After three albums, it was time to make an EP under yet another variant of the band’s name. This is a fun release (which is interesting to say about a band who is typically quite serious). What made this “fun” is that many of the band members switched instruments for this recording. Violinist Sophie Trudeau plays bass guitar. Guitarist Ian Ilavsky, usually one of the band’s guitarists, plays drums.
Also when they finished recording, was complete, the EP was played on a boombox and re-recorded from that. I can’t tell that it was recorded in this way, so who knows if that made any difference.
There are four songs, “More Action! Less Tears!” is the first. It begins with Aimee shouting “Hello! Hello!” and then messing up and laughing. So she begins again, “The name of this song is More Action. The name of this song is Less Tears.” It sounds unlike anything that SMtZ have done so far. The guitar that opens it is distorted and plays a fairly conventional riff while the violins play a suitable melody over the top. The strings build and the songs oars.
“Microphones in the Trees” opens with a guitar melody that’s quickly joined by the same melody on upright bass. Efrim begins singing (his voice is distorted and echoed and sounds almost more like an instrument than a voice, although you can hear the lyrics: “microphones in the trees, cameras in the sky.” The choir starts singing along with him until about three minutes when a wash of noise over takes the song. This lasts for a few minutes and then fades, allowing the words to continue. About half way into the song a rather shambolic chorus sings “we are the flood.” The last two minutes or so are simply feedbacky noises wafting around.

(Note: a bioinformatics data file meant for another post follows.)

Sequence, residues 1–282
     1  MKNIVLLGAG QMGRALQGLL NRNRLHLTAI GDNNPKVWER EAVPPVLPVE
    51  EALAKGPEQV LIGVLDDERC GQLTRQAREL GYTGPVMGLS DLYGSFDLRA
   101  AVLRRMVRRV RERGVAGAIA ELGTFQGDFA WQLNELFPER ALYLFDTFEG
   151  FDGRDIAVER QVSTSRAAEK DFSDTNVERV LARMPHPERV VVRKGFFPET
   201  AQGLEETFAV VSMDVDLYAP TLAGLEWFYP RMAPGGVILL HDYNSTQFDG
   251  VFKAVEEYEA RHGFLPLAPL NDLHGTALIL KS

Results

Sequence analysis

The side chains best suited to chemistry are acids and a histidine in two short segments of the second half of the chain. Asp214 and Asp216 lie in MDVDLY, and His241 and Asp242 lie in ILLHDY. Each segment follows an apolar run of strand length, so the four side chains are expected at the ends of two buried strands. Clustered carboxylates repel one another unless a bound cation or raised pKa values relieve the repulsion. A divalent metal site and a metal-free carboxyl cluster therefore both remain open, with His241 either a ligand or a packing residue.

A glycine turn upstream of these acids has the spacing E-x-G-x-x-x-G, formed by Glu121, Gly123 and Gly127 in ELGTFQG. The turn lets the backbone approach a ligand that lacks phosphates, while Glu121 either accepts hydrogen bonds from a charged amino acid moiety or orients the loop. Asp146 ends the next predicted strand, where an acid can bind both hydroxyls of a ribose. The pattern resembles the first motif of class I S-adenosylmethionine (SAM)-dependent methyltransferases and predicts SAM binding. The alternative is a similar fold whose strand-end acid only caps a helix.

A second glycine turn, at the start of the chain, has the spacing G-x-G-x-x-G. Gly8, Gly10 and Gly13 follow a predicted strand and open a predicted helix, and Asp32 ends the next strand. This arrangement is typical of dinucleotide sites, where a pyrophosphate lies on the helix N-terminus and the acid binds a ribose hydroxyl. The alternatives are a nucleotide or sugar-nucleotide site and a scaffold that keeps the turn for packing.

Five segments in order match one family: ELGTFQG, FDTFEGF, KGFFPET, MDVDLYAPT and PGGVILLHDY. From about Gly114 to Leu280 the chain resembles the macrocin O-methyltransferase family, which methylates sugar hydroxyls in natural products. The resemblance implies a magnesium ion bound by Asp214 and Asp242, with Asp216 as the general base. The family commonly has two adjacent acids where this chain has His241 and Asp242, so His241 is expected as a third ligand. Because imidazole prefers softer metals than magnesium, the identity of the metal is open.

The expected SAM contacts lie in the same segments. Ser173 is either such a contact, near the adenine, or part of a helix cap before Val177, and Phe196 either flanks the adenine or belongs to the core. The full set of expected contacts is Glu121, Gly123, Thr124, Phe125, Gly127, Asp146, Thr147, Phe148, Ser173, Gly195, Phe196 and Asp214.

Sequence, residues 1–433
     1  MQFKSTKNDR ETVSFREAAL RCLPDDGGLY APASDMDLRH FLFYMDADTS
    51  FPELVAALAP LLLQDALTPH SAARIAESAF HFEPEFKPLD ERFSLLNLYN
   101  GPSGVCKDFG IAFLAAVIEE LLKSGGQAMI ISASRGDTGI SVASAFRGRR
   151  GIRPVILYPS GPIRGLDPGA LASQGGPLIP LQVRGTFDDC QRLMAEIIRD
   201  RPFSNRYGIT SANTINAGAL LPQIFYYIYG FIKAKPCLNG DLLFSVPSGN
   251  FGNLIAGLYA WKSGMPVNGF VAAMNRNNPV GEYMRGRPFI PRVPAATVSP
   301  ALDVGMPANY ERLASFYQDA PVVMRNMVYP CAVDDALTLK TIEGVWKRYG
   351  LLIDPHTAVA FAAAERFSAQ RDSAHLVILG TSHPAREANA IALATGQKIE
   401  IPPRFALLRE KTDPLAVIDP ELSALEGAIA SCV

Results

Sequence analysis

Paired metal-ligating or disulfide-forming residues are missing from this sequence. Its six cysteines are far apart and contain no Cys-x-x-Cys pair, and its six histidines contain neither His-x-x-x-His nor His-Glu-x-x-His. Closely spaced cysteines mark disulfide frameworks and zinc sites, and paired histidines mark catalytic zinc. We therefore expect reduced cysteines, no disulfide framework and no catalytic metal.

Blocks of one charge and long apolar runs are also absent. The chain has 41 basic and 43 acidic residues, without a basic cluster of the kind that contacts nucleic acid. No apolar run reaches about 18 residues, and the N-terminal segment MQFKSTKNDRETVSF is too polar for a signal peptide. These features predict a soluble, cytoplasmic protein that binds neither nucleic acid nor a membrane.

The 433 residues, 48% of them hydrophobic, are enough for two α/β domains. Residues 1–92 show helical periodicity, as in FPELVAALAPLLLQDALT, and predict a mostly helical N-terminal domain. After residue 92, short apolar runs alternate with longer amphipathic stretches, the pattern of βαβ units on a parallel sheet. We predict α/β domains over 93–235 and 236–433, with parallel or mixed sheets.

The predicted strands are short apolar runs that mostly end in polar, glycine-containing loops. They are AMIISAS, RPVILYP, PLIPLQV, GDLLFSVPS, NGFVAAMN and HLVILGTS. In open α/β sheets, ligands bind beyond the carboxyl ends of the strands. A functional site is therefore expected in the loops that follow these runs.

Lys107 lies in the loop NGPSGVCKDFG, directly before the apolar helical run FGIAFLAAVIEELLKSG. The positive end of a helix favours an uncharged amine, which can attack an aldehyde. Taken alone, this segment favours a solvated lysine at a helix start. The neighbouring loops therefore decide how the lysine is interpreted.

“Pretty Little Lightning Paw”is the ten-minute title track. It opens with bass notes and chimed notes. The strings follow Efrim’s vocal lines (which sound ragged and quiet). And then after a minute or so new strings come in, slightly unsettling sounding. About three minutes in the 4 voice choir begins singing an alternate melody above Efrim’s repeated mantra. The song continues in this vein for pretty much the rest of the song, only modifying at the end where the sounds and feedback resemble birdsong.
“There’s a River in the Valley Made of Melting Snow” is 5 minutes long and is basically a solo song from Efrim. He plays guitar, sings and plays “toybox.” The melody is fairly simple and his voice sounds pretty good–not too shrill. It may be the most conventional song that SMtZ has recorded.
While this EP doesn’t deviate drastically from the band’s normal sound, it is fun to see them mix things up a bit. For this recording, the band was
- Thierry Amar – violin, bass guitar, vocals, pianohandle
- Ian Ilavsky – drums
- Efrim Menuck – guitar, piano, organ, vocals, feedback, toybox
- Jessica Moss – violin, vocals
- Sophie Trudeau – bass guitar
- [Beckie Foon is absent]
[READ: May 5, 2016] The Ninth Circle
Brendan and I went to college together. In fact, I knew Brendan from his submissions to both the newspaper and the literary magazine. He was a major talent back then (I still remember details from the story he submitted twenty some years ago) and continues to be one now. He works in comics and has written for Flash Gordon, his own book Scatterbrain and something that I can’t wait to find a copy of: Charlie Sheen: Vatican Assassin Warlock. Check out his output on Goodreads.